Money Talks: How To Discuss Finances With Your Partner
When it comes to sources of conflict within a relationship, finances top the list. Research has shown that money issues—different priorities, overspending, being secretive about finances—are often a major contributing factor to relationship problems. Given the sensitive nature of the topic, learning how to communicate with your partner about money may be one of the most important things you can do—for both your financial health and the health of your relationship.
Identify Your Own Money Beliefs
We all have our own beliefs, experiences, and habits when it comes to money, many of which we formed early in life. These factors determine the role finances play in our life and how we approach them. Some people are naturally thrifty, while others enjoy spending freely on themselves and others. Some people place great importance on actively building wealth and long-term financial security, while others tend to avoid even thinking about a financial plan.
Take some time to consider your attitude and values around finances. Is money a significant source of stress, or do you generally feel like you will always be able to make what you need? Do you find the topic of investments exciting or overwhelming? Do you keep close track of your monthly income and spending, or do you have just a vague idea of your overall finances? Knowing where on the spectrum of “money personalities” you fall is crucial in being able to approach the issue of money with your partner. After all, if you don’t have a clear picture your own beliefs and habits, you’ll have a hard time communicating them to others.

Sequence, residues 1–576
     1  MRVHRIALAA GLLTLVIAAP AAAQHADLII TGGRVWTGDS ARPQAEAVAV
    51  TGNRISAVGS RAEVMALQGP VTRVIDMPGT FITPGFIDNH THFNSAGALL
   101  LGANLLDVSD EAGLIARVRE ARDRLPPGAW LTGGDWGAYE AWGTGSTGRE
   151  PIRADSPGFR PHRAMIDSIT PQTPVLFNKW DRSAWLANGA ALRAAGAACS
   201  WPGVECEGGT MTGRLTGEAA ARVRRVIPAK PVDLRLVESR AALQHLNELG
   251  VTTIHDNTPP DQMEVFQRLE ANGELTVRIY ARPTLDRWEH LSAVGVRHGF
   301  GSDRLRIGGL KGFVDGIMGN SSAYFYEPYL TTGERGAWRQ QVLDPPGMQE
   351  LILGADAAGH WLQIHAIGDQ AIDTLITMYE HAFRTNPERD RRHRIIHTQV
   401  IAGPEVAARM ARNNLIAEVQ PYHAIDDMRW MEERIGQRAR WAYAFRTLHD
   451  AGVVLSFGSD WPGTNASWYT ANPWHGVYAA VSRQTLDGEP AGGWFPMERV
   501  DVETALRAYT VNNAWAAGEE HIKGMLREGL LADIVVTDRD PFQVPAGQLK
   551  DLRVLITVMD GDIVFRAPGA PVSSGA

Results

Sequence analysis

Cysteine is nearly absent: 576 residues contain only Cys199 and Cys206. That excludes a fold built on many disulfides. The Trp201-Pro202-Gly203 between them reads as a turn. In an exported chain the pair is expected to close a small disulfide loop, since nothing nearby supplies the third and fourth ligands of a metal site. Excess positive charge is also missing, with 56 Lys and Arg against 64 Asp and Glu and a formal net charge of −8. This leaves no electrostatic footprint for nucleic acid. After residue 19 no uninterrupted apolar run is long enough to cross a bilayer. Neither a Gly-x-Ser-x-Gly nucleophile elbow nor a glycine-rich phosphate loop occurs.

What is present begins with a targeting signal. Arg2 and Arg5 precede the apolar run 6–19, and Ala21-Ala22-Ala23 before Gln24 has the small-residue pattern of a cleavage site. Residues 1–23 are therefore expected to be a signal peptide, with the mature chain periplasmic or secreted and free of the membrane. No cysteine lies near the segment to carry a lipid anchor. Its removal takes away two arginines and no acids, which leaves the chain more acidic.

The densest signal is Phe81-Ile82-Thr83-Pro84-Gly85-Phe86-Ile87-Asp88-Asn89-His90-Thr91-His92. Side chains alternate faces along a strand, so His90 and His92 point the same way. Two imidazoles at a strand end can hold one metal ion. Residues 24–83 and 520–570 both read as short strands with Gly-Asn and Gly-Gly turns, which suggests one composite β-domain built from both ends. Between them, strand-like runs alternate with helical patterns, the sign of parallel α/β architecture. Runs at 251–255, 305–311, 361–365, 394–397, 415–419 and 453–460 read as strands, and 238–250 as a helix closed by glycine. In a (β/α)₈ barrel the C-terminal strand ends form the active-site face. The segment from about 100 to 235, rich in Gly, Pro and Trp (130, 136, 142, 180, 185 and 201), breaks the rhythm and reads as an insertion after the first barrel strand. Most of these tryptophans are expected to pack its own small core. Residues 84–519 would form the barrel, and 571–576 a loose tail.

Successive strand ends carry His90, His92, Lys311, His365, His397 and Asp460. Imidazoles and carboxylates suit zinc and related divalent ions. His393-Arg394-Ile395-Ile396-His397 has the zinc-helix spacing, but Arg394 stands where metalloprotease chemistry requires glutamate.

Choose the Right Time–and Way–to Communicate
As with all sensitive topics, it’s important to approach conversations about money at the right time and in the right way. Try to avoid big financial discussion when you or your partner are stressed or upset. Remember, tension and heightened emotions are usually not the recipe for good decision-making! If you receive an unexpected piece of money news, take some time to process the information—separately, if you need—and then make a plan to sit down and discuss things calmly.
When it is the right time for a conversation about money, keep in mind the keys to effective communication, including openness and active listening. Remember that you and your partner are a team and that approaching money issues from a place of understanding, trust, and mutual respect will lead to healthier finances and a stronger relationship.
Schedule Regular Money Dates
Don’t just leave financial conversations for when something unexpected happens! Checking in with your partner regularly can help ensure that you’re on the same page and moving toward your financial goals.
Set regular money dates—quarterly or even monthly—to go over your spending and saving and make any necessary adjustments to your household budget. You should also check in at least once a year to plan for your big-picture financial goals, like buying a home or saving for retirement. These regular dates can help you keep the lines of communication open and reduce the chance for unwanted financial surprises.
Get Advice from a Neutral Third Party
If you and your partner aren’t sure where to start when it comes to things like paying down debt or creating a budget, it’s a good idea to reach out for some expert advice. Your EAP provides financial services, including financial advisors who can help you perform a financial “health check.” Not only are financial advisors experts in their field, they also act as a neutral third party who can present your financial situation and options in a balanced, emotion-free way to help you make the best decisions for your household.
Money talks may seem stressful, but they don’t have to be! By communicating with your partner early and often, you can experience greater confidence, peace of mind, and financial freedom.
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